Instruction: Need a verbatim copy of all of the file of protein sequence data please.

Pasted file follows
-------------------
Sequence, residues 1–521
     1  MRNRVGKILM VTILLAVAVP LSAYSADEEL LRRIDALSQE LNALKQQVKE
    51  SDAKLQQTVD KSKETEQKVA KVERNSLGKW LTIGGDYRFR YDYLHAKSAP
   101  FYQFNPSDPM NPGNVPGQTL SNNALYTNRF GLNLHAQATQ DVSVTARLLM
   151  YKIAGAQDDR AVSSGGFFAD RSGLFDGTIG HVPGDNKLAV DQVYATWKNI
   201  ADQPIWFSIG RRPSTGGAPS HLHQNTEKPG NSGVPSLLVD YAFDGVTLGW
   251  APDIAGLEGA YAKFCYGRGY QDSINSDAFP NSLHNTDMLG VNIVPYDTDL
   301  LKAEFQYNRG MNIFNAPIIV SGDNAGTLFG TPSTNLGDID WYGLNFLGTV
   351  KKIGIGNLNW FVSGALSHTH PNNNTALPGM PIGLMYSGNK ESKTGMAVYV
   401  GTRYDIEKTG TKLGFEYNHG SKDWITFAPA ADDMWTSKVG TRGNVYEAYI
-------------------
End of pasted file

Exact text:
Sequence, residues 1–521
     1  MRNRVGKILM VTILLAVAVP LSAYSADEEL LRRIDALSQE LNALKQQVKE
    51  SDAKLQQTVD KSKETEQKVA KVERNSLGKW LTIGGDYRFR YDYLHAKSAP
   101  FYQFNPSDPM NPGNVPGQTL SNNALYTNRF GLNLHAQATQ DVSVTARLLM
   151  YKIAGAQDDR AVSSGGFFAD RSGLFDGTIG HVPGDNKLAV DQVYATWKNI
   201  ADQPIWFSIG RRPSTGGAPS HLHQNTEKPG NSGVPSLLVD YAFDGVTLGW
   251  APDIAGLEGA YAKFCYGRGY QDSINSDAFP NSLHNTDMLG VNIVPYDTDL
   301  LKAEFQYNRG MNIFNAPIIV SGDNAGTLFG TPSTNLGDID WYGLNFLGTV
   351  KKIGIGNLNW FVSGALSHTH PNNNTALPGM PIGLMYSGNK ESKTGMAVYV
   401  GTRYDIEKTG TKLGFEYNHG SKDWITFAPA ADDMWTSKVG TRGNVYEAYI